NextEra Energy to Build Its First Green Hydrogen Plant in Florida
Largest U.S. renewables generator “really excited” about green hydrogen, reveals plans for $65 million pilot plant for Florida Power & Light.
Karl-Erik Stromsta July 24, 2020
NextEra Energy is closing its last coal-fired power unit and investing in its first green hydrogen facility.
Through its Florida Power & Light utility, NextEra will propose a $65 million pilot in the Sunshine State that will use a 20-megawatt electrolyzer to produce 100 percent green hydrogen from solar power, the company revealed on Friday.
The project, which could be online by 2023 if it receives approval from state regulators, would represent the first step into green hydrogen for NextEra Energy, by far the largest developer and operator of wind, solar and battery plants in North America.
“We’re really excited about hydrogen, in particular when we think about getting not to a net-zero emissions profile but actually to a zero-emissions carbon profile,” NextEra Energy CFO Rebecca Kujawa said on Friday's earnings call.
“When we looked at this five or 10 years ago and thought about what it would take to get to true zero emissions, we were worried it was extraordinarily expensive for customers,” Kujawa said.
“What makes us really excited about hydrogen — particularly in the 2030 and beyond timeframe — is the potential to supplement a significant deployment of renewables [and energy storage]. That last amount of emissions you’d take out of the system to get down to zero could be most economically served by hydrogen.”
Although still in its infancy as a market, the concept of green hydrogen is rapidly catching on globally as a potentially viable way to fully decarbonize energy systems, taking them beyond where simple renewable power generation alone can go even at very high penetrations.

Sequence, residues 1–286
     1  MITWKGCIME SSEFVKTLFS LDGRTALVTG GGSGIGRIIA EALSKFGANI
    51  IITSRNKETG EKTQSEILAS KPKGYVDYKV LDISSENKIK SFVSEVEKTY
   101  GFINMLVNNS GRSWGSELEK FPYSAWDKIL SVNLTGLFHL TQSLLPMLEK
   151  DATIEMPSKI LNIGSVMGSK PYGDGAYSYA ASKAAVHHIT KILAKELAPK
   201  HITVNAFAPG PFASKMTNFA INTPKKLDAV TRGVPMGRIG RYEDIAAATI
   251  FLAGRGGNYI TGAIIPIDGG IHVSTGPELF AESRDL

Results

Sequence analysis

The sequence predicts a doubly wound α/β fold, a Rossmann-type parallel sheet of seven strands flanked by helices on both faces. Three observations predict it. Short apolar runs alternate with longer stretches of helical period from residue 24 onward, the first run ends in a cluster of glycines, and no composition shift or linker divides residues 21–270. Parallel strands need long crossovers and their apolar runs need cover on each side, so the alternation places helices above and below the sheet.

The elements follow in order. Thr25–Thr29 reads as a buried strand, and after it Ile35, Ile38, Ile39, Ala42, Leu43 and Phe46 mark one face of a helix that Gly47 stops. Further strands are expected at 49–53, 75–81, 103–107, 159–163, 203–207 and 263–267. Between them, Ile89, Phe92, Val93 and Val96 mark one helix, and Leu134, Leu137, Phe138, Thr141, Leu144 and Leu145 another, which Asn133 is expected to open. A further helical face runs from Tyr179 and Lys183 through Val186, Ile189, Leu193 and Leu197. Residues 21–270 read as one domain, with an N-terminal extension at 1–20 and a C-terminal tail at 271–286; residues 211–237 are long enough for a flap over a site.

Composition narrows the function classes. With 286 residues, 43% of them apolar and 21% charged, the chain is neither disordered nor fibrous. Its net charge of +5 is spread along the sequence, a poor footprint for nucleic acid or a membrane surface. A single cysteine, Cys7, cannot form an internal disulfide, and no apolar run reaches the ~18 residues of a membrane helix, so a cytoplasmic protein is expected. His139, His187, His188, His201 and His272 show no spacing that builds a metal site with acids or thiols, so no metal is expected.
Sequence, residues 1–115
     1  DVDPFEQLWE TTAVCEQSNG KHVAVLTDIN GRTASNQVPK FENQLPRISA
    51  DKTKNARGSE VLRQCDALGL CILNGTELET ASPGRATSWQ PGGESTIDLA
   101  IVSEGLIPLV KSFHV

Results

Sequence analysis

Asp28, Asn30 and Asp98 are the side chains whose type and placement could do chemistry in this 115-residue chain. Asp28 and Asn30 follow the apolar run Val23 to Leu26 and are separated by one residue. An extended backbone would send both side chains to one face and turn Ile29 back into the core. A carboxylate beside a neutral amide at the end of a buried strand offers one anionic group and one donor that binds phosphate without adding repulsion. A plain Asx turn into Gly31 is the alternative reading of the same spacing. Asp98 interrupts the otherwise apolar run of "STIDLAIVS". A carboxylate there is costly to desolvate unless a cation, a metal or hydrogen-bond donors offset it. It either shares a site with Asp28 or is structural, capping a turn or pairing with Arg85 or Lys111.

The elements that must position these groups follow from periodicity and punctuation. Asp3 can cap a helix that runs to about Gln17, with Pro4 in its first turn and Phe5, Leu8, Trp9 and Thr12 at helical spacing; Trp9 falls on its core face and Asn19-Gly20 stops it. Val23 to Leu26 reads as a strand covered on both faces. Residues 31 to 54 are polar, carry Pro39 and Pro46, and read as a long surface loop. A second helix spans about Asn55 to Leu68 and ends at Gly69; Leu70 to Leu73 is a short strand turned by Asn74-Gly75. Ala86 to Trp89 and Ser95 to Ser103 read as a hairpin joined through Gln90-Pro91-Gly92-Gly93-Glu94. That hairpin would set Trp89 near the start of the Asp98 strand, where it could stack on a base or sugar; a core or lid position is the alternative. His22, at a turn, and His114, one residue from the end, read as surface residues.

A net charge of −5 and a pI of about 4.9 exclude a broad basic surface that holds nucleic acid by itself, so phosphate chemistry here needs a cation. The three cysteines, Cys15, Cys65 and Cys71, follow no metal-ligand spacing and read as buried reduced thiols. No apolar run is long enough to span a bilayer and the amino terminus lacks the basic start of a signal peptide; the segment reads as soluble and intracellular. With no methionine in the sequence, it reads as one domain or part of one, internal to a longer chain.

The green hydrogen produced by Florida Power & Light’s electrolyzers would be used to replace a portion of the natural gas that’s consumed by the turbines at FPL's existing 1.75-gigawatt Okeechobee gas-fired plant, Kujawa said. The electricity will come from solar power that would otherwise have been "clipped," or gone unused.
If the hydrogen economy scales up and green hydrogen becomes economic, Florida Power & Light would likely retrofit some of its gas facilities to run wholly or partially on hydrogen, Kujawa said.
Most of the vast quantities of hydrogen produced globally today use fossil fuels as a feedstock, generating substantial emissions in the process. In contrast, green hydrogen is made using renewables to power the electrolysis of water, throwing off no CO2 emissions.
Whichever way it's produced, hydrogen can be used for a variety of purposes, from swapping in for natural gas in thermal power plants to powering fuel cells used to move cars and ships. (For more background, read GTM's green hydrogen explainer.)
The EU recently set a target of installing 40 gigawatts of electrolyzers within its borders by 2030 to produce green hydrogen, as it charts a path to net-zero.
Air Products, the world’s leading hydrogen producer, recently announced a massive green hydrogen plant to be built in Saudi Arabia, powered by 4 gigawatts of wind and solar. And last week California-based fuel-cell maker Bloom Energy sent its shares soaring by announcing its launch into the commercial hydrogen market.
For NextEra, hydrogen represents not only an opportunity to help decarbonize its FPL utility but also a potential new market for the wind and solar power it generates across North America.
NextEra will start with the same “toe in the water” approach it took with solar and batteries, Kujawa said. “While the investments are expected to be small in the context of our overall capital program, we are excited about the technology’s long-term potential, which should further support future demand for low-cost renewables as well as accelerating the decarbonization of transportation fuel and industrial feedstocks.”
Florida Power & Light’s push into green hydrogen comes just weeks after the utility announced it plans to exit its 847-megawatt portion of Georgia’s Plant Scherer, the largest operating coal-fired power plant in the U.S. — and the last remaining coal unit in NextEra’s portfolio.